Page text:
Steal vs. Rob: Crime Vocabulary

Have you ever been robbed? It’s a terrible feeling! What did they steal?

STEAL and ROB are two words related to crime, but it’s good to know which one to use.

STEAL

A thief steals things. It is an irregular verb. (STEAL<< STOLE>>STOLEN)

A thief might steal your cell phone, your wallet, or even your car.

We typically use the passive tense to describe the crime.

  • Active: A thief stole my purse.
  • Passive: My purse was stolen. (by a thief)

ROB

When a thief enters your home or business and takes something from you, we can say that you have been robbed.

Robbed is for places or people, and it is a regular verb. (ROB<<ROBBED>>ROBBED)

We typically use the passive tense to talk about being robbed.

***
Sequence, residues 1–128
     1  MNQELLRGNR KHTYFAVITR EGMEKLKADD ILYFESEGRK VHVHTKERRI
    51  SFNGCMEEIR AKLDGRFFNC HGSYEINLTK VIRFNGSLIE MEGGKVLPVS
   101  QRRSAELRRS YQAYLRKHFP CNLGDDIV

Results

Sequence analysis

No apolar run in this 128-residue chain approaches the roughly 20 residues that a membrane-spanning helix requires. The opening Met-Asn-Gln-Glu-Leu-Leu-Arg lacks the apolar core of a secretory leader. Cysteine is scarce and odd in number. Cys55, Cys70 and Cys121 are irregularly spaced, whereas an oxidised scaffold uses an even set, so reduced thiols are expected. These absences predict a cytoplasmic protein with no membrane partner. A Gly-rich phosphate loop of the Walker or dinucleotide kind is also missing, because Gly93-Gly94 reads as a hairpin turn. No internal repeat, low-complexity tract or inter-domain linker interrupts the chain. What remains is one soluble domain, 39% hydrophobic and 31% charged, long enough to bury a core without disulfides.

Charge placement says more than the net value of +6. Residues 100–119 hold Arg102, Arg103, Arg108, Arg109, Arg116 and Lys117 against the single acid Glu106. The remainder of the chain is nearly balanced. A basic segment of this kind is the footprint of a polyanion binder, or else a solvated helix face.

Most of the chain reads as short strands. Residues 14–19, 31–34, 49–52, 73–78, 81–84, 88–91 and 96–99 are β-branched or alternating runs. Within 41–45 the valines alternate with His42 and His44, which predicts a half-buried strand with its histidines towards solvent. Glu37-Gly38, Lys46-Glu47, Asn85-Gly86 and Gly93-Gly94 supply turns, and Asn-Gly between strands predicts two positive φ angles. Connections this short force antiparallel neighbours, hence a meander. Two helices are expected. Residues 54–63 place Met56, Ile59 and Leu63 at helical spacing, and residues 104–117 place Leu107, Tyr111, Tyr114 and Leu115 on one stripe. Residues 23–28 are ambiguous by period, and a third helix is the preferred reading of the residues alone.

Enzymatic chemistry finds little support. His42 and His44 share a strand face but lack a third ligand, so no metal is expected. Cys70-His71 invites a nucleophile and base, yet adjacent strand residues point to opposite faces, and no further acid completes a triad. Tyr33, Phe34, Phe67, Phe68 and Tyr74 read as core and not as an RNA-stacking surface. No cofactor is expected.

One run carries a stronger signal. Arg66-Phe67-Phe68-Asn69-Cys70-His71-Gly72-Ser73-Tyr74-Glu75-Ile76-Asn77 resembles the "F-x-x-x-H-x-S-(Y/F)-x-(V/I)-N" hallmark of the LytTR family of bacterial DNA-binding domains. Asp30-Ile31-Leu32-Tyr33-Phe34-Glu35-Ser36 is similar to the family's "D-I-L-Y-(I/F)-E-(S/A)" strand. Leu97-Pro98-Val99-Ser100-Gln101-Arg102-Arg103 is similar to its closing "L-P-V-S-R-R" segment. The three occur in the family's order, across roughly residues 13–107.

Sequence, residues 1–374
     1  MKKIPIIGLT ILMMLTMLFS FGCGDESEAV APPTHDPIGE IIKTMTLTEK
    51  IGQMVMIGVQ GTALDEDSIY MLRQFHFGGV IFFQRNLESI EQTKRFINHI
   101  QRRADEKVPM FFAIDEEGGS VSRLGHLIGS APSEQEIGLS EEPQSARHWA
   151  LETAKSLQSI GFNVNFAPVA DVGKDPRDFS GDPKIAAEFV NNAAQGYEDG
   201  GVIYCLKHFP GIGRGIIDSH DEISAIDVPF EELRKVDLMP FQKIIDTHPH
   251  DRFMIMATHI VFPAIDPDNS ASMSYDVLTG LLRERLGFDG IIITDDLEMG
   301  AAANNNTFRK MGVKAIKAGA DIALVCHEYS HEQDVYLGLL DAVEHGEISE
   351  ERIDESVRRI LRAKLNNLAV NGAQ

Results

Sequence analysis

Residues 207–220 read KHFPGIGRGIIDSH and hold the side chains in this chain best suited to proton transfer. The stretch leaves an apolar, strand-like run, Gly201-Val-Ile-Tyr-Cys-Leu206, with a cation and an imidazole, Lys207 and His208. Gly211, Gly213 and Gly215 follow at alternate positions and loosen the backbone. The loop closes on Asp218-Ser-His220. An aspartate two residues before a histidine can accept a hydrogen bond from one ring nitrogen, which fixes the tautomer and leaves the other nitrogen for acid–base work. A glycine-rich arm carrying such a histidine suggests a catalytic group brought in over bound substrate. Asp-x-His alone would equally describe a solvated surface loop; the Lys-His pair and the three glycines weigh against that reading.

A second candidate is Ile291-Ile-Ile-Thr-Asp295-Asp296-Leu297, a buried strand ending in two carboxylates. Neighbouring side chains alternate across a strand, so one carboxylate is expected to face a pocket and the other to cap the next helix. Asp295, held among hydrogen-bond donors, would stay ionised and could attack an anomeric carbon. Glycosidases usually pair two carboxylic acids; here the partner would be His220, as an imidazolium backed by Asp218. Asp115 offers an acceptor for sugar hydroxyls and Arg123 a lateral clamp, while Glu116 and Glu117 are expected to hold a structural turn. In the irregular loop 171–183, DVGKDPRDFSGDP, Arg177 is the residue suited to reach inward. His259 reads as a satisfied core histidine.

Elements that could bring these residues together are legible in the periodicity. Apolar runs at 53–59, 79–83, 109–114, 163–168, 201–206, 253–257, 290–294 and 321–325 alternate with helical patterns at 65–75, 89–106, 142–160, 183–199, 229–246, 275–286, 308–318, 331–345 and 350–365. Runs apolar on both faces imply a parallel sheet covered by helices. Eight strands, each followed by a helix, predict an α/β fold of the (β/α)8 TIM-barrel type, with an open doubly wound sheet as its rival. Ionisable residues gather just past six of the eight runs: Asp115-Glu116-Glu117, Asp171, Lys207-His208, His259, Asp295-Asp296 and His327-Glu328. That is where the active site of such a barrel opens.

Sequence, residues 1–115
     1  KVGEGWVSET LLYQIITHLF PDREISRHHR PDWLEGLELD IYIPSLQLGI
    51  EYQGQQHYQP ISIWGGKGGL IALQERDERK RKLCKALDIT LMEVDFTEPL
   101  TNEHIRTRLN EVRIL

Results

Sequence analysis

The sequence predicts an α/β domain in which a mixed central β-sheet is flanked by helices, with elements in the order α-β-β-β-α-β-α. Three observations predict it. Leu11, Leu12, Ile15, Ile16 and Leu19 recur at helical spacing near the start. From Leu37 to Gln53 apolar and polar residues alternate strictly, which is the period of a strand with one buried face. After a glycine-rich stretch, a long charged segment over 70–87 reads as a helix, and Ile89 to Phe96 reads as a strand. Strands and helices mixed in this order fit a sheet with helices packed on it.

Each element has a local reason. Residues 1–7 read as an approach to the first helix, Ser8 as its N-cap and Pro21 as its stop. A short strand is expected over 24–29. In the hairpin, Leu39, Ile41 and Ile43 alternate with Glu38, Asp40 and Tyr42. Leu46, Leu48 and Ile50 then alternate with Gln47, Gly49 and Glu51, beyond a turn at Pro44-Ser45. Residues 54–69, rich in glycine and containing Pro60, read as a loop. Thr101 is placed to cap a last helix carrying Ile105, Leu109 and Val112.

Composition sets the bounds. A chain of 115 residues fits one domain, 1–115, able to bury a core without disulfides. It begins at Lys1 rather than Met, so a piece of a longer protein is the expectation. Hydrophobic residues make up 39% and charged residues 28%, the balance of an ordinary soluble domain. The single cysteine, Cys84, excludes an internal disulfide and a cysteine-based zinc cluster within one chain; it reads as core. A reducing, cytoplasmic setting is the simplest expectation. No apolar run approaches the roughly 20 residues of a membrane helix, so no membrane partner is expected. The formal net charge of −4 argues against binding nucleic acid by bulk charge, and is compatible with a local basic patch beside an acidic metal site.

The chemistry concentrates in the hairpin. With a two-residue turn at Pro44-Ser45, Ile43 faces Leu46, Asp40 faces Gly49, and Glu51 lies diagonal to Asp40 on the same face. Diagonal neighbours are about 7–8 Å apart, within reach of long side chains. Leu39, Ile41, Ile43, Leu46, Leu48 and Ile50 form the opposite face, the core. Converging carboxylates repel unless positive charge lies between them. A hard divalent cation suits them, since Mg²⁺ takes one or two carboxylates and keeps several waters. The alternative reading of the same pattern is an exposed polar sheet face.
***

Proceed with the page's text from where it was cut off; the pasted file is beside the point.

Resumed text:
• Active:        Three thieves robbed the bank.
  • Passive:      The bank was robbed. (by three thieves)

THIEF, THIEVES (pl.)

A thief is a general term to call someone who takes things that aren’t theirs. For more specific crimes, use the following names:

  • A robber robs banks
  • A burglar enters and robs homes and jewelry stores
  • A kidnapper steals children
  • A pickpocket steals from people in busy, public places
  • A pirate steals technology like software, movies or music files
  • A hacker steals digital information, like emails or passwords
  • A hijacker steals control of airplanes or other forms of transportation
  • A shoplifter steals things from stores like clothing, cosmetics, or food

Crime is never a fun experience, but it is interesting to think about and talk about. What makes people want to steal? Have you ever stolen anything that didn’t belong to you?  Maybe a pen, or a hotel towel? Come on, be honest! Read more in this funny post about the 7 little things that people often steal. How about you?

 

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